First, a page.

The whole nature of massage is relaxation. Your clients seek your services so that they can relax, de-stress, and even heal from injuries. And one of the best parts of a career in massage is that many massage therapists can set their own hours, so you get to choose how little or how much you work. The other plus to this career path is that a lot of massage therapy programs can be completed quickly.

  • Average hourly pay—$20.76

2. Medical Transcription

You may think that health care careers would be stressful, but not all of them are, and medical transcription generally falls into the low-stress category. Since you are responsible for transcribing medical records, this is one of the sitting-down jobs that can offer both independence and the opportunity to work from home. And some medical transcription programs can be completed in a year or less.

  • Average hourly pay—$17.17

3. Nutritionist

You can help people achieve healthy lifestyles and reach their health goals by teaching them about proper diet and nutrition. Along with being a relatively low-stress occupation, you could also enjoy a great deal of satisfaction from helping your clients live more healthily and happily. Check out some of the nutrition programs that could help you get started.

  • Average hourly pay—$28.08

4. Optician

This is a good career track if you enjoy interacting with a variety of people on a daily basis. You get to spend your days helping people choose the right eyeglasses and contact lenses. You could also be responsible for fitting and repairing their eyewear. And optician training usually doesn't take long to complete.

  • Average hourly pay—$17.70

5. Physical Therapist Assistant

You can have a part in helping people heal from injuries or find relief from chronic diseases and conditions. Along with offering therapeutic treatments, physical therapist assistants can also educate their clients in regards to appropriate daily routines. Take a look at some of the physical therapist assistant programs that can help you enter the field.

  • Average hourly pay—$26.56

Productive Careers

Productive CareersThe reality is that some people who self-identify as lazy are quite efficient and productive. They are often more careful to anticipate and avoid problems and are more apt to find the path that requires the least amount of work required to achieve the desired results. And when this process is executed well, it can end up saving companies both money and time.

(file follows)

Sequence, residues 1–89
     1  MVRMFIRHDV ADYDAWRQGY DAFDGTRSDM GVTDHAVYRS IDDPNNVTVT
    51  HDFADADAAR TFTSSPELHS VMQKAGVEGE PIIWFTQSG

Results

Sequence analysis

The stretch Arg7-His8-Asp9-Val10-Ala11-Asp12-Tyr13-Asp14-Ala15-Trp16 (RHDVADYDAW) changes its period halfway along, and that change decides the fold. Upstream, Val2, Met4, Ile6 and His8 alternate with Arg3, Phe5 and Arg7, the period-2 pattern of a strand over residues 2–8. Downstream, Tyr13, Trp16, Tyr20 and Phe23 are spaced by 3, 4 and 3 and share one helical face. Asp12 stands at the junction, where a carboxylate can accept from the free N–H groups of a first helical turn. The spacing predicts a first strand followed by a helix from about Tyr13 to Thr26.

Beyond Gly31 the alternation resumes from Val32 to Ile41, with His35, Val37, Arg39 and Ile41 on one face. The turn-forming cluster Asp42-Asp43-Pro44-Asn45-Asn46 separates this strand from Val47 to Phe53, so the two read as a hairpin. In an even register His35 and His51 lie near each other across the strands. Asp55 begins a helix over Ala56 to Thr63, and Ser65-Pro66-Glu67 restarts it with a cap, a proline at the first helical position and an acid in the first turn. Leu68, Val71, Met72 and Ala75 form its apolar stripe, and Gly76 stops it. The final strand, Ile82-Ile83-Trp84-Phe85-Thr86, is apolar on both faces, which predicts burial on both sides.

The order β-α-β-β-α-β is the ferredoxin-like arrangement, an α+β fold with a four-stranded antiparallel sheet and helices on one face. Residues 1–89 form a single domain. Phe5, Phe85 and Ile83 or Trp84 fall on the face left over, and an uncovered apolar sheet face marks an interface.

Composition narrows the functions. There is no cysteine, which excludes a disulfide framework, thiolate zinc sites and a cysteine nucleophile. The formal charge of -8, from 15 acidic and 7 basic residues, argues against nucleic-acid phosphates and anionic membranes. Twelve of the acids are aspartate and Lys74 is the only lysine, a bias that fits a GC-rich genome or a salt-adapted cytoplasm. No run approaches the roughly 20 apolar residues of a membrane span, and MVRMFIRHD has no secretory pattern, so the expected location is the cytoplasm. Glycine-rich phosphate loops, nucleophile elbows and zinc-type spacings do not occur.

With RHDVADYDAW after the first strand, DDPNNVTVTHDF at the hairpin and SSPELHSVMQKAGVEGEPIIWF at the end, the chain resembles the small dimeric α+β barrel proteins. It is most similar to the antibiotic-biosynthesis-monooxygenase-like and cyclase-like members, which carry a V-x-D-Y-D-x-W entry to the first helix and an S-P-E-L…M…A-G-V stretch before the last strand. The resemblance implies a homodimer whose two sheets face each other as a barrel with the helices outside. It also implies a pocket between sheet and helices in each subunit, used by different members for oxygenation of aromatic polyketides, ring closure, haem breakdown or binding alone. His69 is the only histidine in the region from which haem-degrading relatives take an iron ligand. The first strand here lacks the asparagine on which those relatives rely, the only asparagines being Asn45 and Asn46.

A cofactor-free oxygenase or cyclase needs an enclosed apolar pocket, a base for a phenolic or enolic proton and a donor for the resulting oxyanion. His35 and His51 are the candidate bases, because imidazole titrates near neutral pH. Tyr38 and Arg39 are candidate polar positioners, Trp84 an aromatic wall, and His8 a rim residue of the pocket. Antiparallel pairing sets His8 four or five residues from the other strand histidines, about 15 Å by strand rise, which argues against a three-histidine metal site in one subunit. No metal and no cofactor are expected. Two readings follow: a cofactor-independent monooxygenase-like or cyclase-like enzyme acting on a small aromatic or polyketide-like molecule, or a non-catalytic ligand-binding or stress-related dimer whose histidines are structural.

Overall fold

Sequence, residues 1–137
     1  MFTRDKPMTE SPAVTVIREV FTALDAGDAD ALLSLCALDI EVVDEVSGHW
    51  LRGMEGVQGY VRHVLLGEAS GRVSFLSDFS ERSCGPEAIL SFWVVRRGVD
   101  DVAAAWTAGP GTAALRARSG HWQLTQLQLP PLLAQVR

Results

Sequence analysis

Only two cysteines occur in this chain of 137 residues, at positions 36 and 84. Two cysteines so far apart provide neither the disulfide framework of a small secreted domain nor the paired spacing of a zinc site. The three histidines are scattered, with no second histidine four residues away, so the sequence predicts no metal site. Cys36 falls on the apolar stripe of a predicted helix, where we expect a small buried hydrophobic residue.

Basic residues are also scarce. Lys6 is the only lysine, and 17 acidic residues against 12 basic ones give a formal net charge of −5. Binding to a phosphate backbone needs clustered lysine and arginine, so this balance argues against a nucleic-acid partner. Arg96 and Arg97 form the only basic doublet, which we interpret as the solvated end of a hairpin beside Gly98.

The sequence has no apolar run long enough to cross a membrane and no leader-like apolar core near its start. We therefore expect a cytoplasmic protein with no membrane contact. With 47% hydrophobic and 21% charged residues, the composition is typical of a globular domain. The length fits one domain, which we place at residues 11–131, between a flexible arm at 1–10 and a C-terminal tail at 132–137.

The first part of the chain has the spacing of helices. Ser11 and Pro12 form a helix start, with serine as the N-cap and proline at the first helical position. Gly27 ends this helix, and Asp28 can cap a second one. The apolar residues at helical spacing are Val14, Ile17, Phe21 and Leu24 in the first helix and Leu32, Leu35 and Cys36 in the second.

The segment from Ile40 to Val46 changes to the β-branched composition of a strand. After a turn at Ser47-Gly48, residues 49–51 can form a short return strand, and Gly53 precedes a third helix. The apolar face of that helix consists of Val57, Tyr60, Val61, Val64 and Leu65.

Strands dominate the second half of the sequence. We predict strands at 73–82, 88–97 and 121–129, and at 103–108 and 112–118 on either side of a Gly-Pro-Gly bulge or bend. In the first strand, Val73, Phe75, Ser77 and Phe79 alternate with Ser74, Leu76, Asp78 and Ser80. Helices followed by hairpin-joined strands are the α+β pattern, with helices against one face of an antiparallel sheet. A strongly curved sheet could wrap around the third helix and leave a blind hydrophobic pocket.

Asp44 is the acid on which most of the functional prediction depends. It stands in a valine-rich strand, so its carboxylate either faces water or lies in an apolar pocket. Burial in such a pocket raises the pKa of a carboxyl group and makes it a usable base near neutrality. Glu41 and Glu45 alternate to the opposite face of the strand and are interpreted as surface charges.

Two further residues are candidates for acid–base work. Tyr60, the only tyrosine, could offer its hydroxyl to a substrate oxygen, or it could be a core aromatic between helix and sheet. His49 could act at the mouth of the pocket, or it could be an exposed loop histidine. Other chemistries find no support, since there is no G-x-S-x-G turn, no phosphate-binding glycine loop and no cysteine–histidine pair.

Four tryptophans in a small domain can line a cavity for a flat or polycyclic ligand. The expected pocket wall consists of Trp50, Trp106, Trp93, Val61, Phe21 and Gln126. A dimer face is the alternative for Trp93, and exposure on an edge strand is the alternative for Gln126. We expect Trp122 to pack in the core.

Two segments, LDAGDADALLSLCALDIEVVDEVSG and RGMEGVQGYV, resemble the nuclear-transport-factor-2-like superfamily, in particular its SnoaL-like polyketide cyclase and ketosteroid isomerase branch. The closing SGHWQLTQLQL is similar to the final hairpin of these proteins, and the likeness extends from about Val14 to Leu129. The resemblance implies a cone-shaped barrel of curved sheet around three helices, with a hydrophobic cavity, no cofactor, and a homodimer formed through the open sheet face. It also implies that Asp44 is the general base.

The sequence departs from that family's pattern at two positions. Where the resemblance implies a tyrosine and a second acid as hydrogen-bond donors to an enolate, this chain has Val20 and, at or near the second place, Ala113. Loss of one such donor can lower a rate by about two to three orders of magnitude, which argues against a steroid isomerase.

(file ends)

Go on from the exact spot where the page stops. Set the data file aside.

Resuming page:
There is actually a quote known as Hlade's Law that states, "If you have a difficult task, give it to a lazy person; they will find an easier way to do it." Some professionals also refer to this as productive laziness, and there are several books written on the subject. So whatever you want to call it, there are a lot of jobs that could be a great fit for a productively lazy person. Here are a few ideas to get you started:

1. Computer Programmer

If you ask a computer programmer, he or she will likely tell you that the ultimate goal of computer programming is to write as little code as possible. You actually work to make your job as easy as you can, and doing so is considered successful programming. The simpler your code is, the less likely it is to have bugs and the easier it is to maintain and adapt for updates and advances. Check out some of the computer programming schools that can help you prepare for this occupation.

  • Average hourly pay—$40.56

2. Event Planner

Do you enjoy planning parties with your friends? Then you should consider a career in event planning. Most event planners find that their jobs are as easy or difficult as they make them, meaning that the more efficient and organized you are, the less you will have to work. It is a position that can give you a lot of control and flexibility. And event planning training doesn't usually take too long to complete.

  • Average hourly pay—$24.62

3. Project Manager

The concept of productive laziness is actually rooted in project management. It is often argued that the most successful project managers work smart, not hard. If you believe that your efficient thinking and organizational skills would help you succeed in the field, then you might want to consider attending a project management school to begin building your expertise.

  • Average hourly pay—Project managers fall into a broader management occupational category in which the average wage is $57.44 per hour.

4. Software Engineer